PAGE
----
“The single biggest problem in communication is the illusion that it has taken place.”
– George Bernard Shaw
It typically starts with small misunderstandings, escalates to arguments, and continues on to break down relationships – collapsing the possibility of understanding and partnership. Too often the downward spiral begins, not in the tyrannical actions of someone else, but in our own inability to communicate clearly and effectively what we expect.
As a child recovering from burns, I spent the first several weeks in the hospital totally cutoff from others. My eyes were swollen shut, my voice muted by the respirator forcing oxygen into my damaged lungs, and my arms and legs were tied down to the bed to lessen the contractures. After several weeks, the swelling lessened (allowing my vision to return), but the respirator continued pumping (keeping my voice silenced).
I was nine years old, in intense pain, sad and afraid, and couldn’t communicate with my parents or nurses. If you can’t speak, you can’t write, you can’t move, and you can’t even nod your head, how do you communicate with others? This was one of our challenges.
The technique we used was tongue clicking. One click meant “yes;” two clicks meant “no.” After mastering that language, a more complicated letter-board was introduced to facilitate communication.
Here’s how it worked: My parents would hold a small board with the alphabet on it, move their finger through the letters, and I would click when they got to the first letter of the word I wanted to spell. Then we would do the same for the second letter and so on. (Experiment: try this tonight and watch how long it takes to spell words and sentences. Share with me and our friends what this experience was like for you on my wall at facebook.com/speakerjohnoleary Needless to say, we had some miscommunication.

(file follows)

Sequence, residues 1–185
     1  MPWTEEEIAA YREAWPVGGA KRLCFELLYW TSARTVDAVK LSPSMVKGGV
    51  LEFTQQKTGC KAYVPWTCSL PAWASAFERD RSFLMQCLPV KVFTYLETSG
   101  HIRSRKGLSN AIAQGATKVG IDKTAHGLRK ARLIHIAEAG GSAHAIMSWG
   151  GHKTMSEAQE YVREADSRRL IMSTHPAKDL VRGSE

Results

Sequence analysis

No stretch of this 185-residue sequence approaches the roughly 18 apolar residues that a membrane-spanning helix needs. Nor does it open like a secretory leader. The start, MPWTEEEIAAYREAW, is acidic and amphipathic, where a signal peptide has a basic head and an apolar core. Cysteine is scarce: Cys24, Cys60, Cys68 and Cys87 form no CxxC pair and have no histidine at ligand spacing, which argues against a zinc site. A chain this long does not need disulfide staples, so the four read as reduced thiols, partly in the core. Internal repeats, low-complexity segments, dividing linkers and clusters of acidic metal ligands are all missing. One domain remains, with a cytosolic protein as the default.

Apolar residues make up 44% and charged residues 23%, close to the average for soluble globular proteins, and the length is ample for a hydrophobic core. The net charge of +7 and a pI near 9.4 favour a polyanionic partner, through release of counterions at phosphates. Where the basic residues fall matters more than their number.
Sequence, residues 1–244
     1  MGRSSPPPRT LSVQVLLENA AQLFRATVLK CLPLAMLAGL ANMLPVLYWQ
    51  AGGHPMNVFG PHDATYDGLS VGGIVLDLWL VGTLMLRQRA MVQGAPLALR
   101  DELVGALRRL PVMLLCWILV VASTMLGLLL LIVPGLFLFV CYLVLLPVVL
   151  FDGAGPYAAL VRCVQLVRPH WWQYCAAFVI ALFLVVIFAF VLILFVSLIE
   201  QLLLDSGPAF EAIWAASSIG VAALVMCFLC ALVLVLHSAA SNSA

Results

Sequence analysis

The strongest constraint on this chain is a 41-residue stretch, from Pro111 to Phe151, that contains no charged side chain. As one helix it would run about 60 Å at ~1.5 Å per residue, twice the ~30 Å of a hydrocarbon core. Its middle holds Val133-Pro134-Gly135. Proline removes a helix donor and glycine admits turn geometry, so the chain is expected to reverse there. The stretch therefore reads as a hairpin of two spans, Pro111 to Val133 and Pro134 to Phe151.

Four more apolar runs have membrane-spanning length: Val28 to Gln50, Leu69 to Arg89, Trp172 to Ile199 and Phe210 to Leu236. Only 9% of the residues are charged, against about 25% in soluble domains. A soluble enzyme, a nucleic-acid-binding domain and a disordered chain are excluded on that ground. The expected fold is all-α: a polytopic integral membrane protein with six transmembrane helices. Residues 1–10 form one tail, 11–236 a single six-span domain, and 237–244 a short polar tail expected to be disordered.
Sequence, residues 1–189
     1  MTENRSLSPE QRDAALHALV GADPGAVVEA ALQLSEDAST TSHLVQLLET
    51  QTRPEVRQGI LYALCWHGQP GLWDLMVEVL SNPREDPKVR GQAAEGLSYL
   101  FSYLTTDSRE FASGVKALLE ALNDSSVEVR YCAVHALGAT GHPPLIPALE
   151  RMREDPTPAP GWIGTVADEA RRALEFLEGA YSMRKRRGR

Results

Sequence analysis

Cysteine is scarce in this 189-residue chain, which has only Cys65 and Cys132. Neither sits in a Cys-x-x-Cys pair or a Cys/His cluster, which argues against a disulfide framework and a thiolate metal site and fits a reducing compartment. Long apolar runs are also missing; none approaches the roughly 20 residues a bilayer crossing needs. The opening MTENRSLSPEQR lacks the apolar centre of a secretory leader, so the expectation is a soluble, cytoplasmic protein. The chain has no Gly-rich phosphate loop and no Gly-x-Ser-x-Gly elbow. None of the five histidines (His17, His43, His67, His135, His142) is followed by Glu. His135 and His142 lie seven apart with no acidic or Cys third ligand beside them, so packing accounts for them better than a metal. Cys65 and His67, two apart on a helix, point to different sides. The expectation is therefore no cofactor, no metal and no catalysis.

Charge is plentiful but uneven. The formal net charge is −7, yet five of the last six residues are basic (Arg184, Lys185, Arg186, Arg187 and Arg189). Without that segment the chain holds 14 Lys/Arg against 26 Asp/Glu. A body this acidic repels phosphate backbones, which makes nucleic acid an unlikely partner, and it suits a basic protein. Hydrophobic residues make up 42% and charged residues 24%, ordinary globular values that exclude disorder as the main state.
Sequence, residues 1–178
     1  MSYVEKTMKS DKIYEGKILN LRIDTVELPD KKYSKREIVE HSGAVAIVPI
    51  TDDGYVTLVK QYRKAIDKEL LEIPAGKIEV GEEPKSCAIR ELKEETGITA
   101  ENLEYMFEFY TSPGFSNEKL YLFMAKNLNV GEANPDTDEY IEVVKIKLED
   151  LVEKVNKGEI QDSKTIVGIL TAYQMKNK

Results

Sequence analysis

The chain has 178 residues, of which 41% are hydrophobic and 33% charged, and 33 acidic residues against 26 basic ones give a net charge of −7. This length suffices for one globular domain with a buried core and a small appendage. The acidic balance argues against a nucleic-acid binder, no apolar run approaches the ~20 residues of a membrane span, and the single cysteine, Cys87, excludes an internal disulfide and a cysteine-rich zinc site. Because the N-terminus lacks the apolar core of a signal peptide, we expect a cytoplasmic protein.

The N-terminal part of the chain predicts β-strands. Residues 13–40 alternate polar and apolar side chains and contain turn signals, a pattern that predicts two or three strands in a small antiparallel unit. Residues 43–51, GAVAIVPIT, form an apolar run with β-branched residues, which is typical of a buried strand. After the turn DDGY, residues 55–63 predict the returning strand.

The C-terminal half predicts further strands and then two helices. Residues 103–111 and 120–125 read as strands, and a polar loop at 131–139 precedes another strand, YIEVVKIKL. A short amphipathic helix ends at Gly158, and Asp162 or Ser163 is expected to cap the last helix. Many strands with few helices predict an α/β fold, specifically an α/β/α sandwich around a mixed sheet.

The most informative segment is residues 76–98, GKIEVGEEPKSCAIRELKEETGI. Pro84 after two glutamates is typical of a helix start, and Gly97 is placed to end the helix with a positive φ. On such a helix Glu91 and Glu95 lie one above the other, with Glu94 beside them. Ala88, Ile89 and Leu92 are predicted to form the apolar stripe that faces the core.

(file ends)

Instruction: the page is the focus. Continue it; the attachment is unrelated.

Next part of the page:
In every interaction with that board, I knew exactly what I was trying to get across. But my Mom would go past the letter – and we’d have to start over; or my Dad would go too slowly, and we’d never get anywhere. Frustration, tears, and anger were often the result.
What does this story mean for you?
My friends, each of us have some of that same “child” in us today. We know what we are trying to communicate to our patients, children, shareholders, clients, and spouses. We know what we want from them. We know what we expect. And we can’t fathom what is wrong with them when they get it wrong.
Today, when you find yourself in moments of unmet expectations and miscommunication, don’t get frustrated and angry, instead get clear and effective. Do others actually understand your needs, desires, expectations, and commitments? Make sure YOU understand your needs, desires, expectations, and commitments. Then, take a moment to communicate your need clearly because, remember: our biggest problem can be “the illusion” that we communicated what we expect.
P.S. If you found this message valuable, forward it to a friend who might appreciate it too.
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